I’m not sure how you feel about it, but whenever I imagine the ‘ideal’ reef aquarium, I conjure a vision in my mind of a bountiful, reef tank chock full of corals. The hypothetical aquarium is an aquatic cornucopia with SPS, LPS, leather coral, mushrooms, and more all living together, filling nearly every square inch of rock work, cascading in all directions. That vision has been ingrained in my mind since the first day I decided “I have to have a reef tank.” Do you share my vision?
In fact, I have seen pictures of a few tanks that look like that. Almost every ‘tank of the week’ that you will see on other aquarium websites looks like that. I want my tank to look like that. But it doesn’t.
A trip to the local public aquarium
The reason I’m writing about this now is that I had a bit of an epiphany this weekend related to my previous image of what the ideal tank should look like. I took my kids to the Adventure Aquarium, which is a pretty cool public aquarium in Camden, NJ. I brought my camera with me and took as many pictures as I could before my kids would drag me onward to towards the next exhibit. They don’t nearly have the same nerd-power that I do, but they are still young…I’ll work on that.
The kids were really interested in this display that allowed them to crawl under and then pop their heads up into a ‘bubble’ that allowed them to look through the tanks from the inside-out.
Of course, while they were doing that, it was my opportunity to take pictures of an adjacent coral display. There were electric-looking brain corals, hairy mushrooms the size of dinner plates, and then I noticed this humble-looking favid species, tucked in between. I wasn’t blown away by the colors, but I distinctly remember thinking to myself, that it was so ordinary that it looked peaceful…tranquil. So, I checked back on the girls playing ‘prairie dog’ popping up and down along the display of aquaria, and then finally, ‘click’ I snapped the photograph.
Favia coral sweeper tentacles
When I got home, I pulled out my SD card and downloaded the images. I flipped through, sometimes impressed with the sharpness of the photos, other times disappointed at the grainy, blurry images. When I got to the picture of the ‘peaceful’ favid, I was shocked to see that the image wasn’t peaceful at all. Extending precariously from a polyp near the base, I noticed the long, thin profile of a few menacing coral sweeper tentacles.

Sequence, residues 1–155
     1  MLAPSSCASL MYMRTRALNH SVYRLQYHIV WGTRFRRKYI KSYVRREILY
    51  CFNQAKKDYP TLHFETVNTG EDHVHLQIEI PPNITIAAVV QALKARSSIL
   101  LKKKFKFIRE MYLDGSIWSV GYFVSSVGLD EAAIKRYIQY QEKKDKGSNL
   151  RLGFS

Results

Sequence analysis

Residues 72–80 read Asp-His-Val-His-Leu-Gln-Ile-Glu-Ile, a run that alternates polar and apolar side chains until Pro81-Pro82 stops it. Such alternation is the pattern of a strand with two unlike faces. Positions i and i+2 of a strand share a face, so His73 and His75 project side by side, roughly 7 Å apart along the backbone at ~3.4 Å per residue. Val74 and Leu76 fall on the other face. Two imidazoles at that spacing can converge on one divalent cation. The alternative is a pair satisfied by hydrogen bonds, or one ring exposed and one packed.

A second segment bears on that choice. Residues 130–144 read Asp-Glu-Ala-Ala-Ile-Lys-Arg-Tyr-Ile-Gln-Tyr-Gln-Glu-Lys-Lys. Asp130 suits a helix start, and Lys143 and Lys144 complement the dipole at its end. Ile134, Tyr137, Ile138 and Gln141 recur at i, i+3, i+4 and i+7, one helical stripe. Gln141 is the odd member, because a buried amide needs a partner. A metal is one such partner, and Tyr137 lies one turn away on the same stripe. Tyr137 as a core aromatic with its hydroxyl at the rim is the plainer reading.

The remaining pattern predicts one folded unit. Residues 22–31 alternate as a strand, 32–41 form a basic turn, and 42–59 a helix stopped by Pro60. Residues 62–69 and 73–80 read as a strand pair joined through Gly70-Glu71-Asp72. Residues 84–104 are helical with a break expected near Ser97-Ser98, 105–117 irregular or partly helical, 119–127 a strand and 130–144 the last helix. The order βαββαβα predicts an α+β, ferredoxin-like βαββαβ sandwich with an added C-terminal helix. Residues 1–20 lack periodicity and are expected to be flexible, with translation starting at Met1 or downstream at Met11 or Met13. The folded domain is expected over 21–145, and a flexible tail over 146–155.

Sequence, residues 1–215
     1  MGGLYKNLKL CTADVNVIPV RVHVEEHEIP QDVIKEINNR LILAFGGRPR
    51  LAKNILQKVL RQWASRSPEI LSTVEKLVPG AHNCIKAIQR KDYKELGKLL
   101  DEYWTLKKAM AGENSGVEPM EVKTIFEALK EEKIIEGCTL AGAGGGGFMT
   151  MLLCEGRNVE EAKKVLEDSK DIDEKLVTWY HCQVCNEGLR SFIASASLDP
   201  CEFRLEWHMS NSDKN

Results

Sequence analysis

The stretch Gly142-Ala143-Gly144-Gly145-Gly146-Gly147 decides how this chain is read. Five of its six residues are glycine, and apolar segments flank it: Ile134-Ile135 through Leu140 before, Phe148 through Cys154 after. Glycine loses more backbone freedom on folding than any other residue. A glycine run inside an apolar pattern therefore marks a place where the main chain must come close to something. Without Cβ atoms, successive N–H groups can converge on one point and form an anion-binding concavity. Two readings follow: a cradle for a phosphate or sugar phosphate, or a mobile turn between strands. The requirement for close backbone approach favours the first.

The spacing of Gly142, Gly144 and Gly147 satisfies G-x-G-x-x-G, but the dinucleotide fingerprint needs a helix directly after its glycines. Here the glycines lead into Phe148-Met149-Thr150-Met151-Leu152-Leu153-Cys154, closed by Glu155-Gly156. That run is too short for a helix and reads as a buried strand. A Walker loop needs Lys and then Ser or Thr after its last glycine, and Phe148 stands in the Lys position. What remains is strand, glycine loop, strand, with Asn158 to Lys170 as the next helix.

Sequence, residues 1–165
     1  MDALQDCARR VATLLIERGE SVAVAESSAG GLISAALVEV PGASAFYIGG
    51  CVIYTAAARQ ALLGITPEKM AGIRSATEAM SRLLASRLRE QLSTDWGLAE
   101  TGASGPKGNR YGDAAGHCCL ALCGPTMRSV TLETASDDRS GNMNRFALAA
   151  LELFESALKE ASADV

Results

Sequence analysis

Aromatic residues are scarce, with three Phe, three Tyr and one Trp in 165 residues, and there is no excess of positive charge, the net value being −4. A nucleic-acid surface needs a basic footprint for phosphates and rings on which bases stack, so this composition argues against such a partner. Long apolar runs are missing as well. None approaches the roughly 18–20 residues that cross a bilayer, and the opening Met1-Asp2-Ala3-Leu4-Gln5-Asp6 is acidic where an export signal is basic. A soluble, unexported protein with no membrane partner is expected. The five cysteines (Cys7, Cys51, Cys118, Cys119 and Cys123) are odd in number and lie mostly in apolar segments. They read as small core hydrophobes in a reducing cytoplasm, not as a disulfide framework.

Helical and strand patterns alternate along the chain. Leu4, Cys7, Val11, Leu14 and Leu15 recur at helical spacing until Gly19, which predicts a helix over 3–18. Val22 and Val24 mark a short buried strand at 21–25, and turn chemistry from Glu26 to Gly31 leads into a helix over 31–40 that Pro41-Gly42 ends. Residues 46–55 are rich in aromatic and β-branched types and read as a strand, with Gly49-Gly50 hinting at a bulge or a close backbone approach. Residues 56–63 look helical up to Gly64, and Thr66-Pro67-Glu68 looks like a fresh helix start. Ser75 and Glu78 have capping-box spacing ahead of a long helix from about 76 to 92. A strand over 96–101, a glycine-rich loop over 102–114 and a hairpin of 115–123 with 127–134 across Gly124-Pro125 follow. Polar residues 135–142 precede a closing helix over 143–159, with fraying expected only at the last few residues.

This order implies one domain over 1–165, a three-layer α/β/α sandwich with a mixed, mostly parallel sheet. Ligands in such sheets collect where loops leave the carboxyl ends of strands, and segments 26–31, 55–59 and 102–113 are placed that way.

This wasn’t the first time I had ever seen coral sweeper tentacles, but there was something jarring to me about the fact that this coral was fighting for its life, while I was having the time of my life, and I hadn’t even noticed.
What is a coral sweeper tentacle?
A coral sweeper tentacle is a specially adapted appendage that certain coral species have (especially Large Polyp Stony Corals), that is generally several times longer than the longest feeding tentacle and packs a powerful nematocyst stinging punch at the end.
We call them “Sweepers” because the corals seem to send them out, sweeping back and forth just looking for something to sting.
Corals use sweeper tentacles to damage or kill nearby rivals to secure their own place on the reef and prevent being out-competed by a neighbor.
A stress-relieving hobby for us but the coral sweeper tentacles were signs of a potentially stressful situation for them
The realization I had come to is this: while this hobby may be a stress-relieving, peaceful activity for us—every day is still a life and death battle for invertebrates in our care. The corals don’t know they are ‘supposed to’ be tranquil. They simply carry out the actions coded for in their genes. Sometimes, that program says… “begin a war with the coral next to you. Take it out at all costs.”
Please forgive the anthropomorphic liberties I took there, but I think you get the point. As much as we may want them to be, our tanks may not be the placid paradise we want them to be for our corals. And while the natural coral reef environment may look like an underwater city with coral ‘skyscrapers’ racing to the surface and occupying every possible millimeter of the substrate, the reality is that what looks like a seemingly placid underwater scene could be characterized as a violent battle (in some cases) fought on a coral-by-coral basis.
What lessons can be gleaned from this?
So maybe the ideal tank shouldn’t be crammed to the brim with different colonies. Maybe the ‘tank of the week’ shouldn’t be so loaded that any minor blip in water parameters is likely to cause a catastrophic cascade of events that causes a significant die-off.
These coral are in our stewardship, but they are battling for their lives every day. Can we agree, as hobbyists, to try to take that into consideration when we plan out our tanks?
I hope this doesn’t come across as too preachy. But that simple little sweeper tentacle really gave me pause, and I was wondering if anyone else out there felt the same way.
Remember to give your corals enough space
In our home reef tanks, the problems pop up when we over-crowd. It can be so hard for many of us to leave that space between two frags–but we have to allow for them to grow out and fill in the available space.
Am I being too sappy, or do we owe it to the invertebrates in our tank to provide enough space for them to coexist without provoking them to initiate war on their coral neighbors?
The next time you find yourself daydreaming about what new frag you want to glue into that 1 x 1 inch bit of space between your frogspawn and your zoanthid polyps—try to remember this article—and that one little coral sweeper tentacle in the image above. And let’s band together and vote for the tank of the week…that gives each colony enough space to grow without being attacked by the other corals around it.